- Due to the work commitment required to get through the N4 course, one teacher in admitted that seven of her pupils left school this year with nothing. I believe she meant across the board, not just in her subject but I could be wrong. In previous years, these pupils could have scraped an Int1 or a Foundation. Now? Nothing. National 4 isn’t a graded certification (A, B, C) – it’s pass/fail. Don’t do enough and you get nowt. But as I already said, it’s worth jack all to many employers anyway. Does this example and the one before sound like CfE is going to “equip our young people with the skills they need to succeed”? Sounds like the opposite to me.
- To become an SQA approved marker in years gone by required a minimum of three years teaching experience in the subject to be marked. This, along with extra marking tuition, allowed you to mark at the bottom rung (i.e. Foundation). With experience, you could mark more advanced papers. Now? Probationers can and do mark anything from Nat5 to Advanced Higher.
- It seems that Computing Science wasn’t alone in having a dreadful N5 exam paper this year that looks like it was put together by a committee of amateurs who’ve a) never written an exam before and b) didn’t talk to one another before pasting everything together and trying to pass it off as acceptable. I scrawled more red ink over my copy than I do over a poor homework assignment. Chemistry, I believe, used an old Int2 paper for the multiple choice section, or at least huge parts of it – virtually a photocopy.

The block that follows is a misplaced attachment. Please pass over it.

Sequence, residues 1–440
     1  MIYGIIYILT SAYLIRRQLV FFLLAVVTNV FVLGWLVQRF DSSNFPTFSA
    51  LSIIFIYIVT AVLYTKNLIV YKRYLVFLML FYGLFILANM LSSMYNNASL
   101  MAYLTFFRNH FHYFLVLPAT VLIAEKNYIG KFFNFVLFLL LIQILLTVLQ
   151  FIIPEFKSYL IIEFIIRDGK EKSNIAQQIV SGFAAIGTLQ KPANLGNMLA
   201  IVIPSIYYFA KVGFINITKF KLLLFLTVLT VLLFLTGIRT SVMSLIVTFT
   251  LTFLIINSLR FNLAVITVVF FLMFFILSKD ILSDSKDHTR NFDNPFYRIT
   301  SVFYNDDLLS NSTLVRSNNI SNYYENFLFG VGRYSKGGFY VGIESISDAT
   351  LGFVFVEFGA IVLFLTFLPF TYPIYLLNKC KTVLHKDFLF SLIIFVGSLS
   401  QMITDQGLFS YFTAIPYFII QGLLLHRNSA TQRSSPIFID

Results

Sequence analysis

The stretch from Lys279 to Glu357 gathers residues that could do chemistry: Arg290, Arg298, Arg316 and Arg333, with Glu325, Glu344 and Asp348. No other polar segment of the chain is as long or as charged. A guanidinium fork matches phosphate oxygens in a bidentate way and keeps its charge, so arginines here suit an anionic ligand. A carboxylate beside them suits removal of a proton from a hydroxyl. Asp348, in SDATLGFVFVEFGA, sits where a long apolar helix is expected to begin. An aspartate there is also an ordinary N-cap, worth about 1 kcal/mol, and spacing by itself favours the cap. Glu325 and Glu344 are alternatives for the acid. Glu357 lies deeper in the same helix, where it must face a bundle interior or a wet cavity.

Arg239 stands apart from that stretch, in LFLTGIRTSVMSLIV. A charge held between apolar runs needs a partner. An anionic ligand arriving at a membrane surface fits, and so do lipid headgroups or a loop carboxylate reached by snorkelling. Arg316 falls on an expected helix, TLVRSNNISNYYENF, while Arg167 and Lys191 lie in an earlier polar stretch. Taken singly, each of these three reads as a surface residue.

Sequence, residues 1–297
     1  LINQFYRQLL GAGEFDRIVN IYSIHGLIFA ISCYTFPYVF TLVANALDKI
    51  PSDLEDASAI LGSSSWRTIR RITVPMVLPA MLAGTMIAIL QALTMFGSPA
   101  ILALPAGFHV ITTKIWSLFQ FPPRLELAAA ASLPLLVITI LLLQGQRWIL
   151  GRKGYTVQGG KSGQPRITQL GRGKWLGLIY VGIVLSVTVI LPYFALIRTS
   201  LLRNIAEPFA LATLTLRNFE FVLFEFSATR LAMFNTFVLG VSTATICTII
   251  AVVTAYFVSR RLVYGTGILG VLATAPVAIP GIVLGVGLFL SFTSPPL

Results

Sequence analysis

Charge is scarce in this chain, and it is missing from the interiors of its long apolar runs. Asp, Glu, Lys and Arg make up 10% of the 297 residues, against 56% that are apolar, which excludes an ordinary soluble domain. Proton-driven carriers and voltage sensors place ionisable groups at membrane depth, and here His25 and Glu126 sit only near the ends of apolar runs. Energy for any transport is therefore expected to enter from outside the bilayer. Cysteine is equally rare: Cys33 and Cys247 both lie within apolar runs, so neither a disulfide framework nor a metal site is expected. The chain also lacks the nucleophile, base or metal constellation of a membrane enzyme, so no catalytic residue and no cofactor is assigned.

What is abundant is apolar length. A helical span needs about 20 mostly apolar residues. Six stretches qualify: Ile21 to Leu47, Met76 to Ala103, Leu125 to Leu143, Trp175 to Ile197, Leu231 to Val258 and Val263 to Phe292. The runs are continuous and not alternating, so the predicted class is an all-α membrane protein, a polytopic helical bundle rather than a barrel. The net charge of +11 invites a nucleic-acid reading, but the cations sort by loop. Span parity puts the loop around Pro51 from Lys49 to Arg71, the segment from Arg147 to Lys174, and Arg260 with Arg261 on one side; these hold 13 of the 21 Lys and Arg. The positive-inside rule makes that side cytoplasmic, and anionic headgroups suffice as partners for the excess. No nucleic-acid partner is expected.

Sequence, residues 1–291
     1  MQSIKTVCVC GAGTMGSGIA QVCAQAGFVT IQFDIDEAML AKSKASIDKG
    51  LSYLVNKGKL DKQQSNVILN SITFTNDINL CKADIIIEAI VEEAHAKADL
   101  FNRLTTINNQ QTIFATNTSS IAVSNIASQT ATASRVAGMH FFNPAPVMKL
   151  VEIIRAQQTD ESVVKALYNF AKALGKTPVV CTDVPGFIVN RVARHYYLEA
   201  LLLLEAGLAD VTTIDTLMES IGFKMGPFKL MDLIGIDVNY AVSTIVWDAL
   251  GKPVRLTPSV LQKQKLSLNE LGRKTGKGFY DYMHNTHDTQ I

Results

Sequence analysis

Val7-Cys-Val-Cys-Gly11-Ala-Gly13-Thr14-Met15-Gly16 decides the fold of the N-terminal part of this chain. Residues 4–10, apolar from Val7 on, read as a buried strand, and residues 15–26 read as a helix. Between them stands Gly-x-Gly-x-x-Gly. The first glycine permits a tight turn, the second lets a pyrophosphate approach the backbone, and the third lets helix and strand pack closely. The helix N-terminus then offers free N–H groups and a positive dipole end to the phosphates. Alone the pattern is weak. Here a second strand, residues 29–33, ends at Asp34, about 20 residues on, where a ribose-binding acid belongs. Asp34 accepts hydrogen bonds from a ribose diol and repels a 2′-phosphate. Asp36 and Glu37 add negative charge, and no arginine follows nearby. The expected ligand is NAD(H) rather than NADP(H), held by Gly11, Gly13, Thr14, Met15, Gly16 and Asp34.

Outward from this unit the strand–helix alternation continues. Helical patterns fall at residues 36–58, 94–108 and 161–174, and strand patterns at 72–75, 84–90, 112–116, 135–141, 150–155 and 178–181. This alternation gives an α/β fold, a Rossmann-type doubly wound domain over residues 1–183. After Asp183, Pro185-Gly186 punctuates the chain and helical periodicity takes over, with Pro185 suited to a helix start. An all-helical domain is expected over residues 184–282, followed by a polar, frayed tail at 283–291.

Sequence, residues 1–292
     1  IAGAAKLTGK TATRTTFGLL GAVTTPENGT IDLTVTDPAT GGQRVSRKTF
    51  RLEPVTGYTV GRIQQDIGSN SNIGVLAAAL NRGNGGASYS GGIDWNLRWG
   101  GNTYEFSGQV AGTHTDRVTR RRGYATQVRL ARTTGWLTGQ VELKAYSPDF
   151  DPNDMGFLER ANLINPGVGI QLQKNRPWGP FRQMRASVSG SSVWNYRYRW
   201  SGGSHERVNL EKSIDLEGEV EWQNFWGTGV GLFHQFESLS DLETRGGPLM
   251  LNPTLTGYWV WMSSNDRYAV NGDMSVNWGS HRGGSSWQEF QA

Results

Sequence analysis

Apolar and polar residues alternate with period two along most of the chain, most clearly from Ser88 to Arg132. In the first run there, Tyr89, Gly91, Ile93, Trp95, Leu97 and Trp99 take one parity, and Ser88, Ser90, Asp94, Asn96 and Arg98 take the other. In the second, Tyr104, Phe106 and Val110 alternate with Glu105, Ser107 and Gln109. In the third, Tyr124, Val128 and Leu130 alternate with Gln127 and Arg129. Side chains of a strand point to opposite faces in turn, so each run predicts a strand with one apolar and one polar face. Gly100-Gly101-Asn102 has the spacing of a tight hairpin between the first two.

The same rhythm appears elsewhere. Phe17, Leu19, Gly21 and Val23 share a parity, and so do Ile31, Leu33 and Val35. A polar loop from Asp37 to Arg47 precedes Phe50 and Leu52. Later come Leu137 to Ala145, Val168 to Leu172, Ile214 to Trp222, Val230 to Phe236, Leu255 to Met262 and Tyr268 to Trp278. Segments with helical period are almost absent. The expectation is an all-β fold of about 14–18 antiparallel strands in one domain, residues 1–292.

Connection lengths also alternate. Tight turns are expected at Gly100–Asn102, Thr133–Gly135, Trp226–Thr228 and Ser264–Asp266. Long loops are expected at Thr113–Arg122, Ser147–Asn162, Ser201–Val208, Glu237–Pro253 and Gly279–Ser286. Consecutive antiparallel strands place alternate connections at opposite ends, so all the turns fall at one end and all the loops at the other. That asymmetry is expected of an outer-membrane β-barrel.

- Arrangements for subjects lack any depth in their descriptions. For instance, I have to teach about “processors”. What about them? That they exist? What they do? How they work? What sub-components they have? How they work? I don’t know. When posed with this question, the senior assessor – the person responsible for setting the exam – stated (in front of an audience of approximately 250 Computing teachers) “We’re not teaching facts, we’re teaching Curriculum for Excellence”. So tell me… how do you examine CfE without testing pupil’s ability to recall factual evidence? Isn’t that what an exam is? If you let pupils choose how deeply to study a subject, then how do you know they’re going to discover the facts that are required to pass an exam? It’s a complete crap-shoot. Or just a complete load of crap. Either/or. If that’s the attitude, then teachers are unnecessary. Just give children a photocopy of the arrangements and tell them to go and research all the topics on the internet.
That’s just the foul, mouldy icing on the rotten cake. I have about 40-50 other such notes relating to weaknesses in CfE, problems with its roll-out, failures by the SQA/ES to deal with it and so on.
Dr Allan – simply not good enough. Must try harder. Go to the bottom of the class and show me some real work next time, not something you rushed off on the bus on the way in this morning.
- Pupils praised as first Curriculum for Excellence exam season ends (news.stv.tv)
- Second leading figure leaves quango responsible for chaotic Scottish exam system (dailyrecord.co.uk)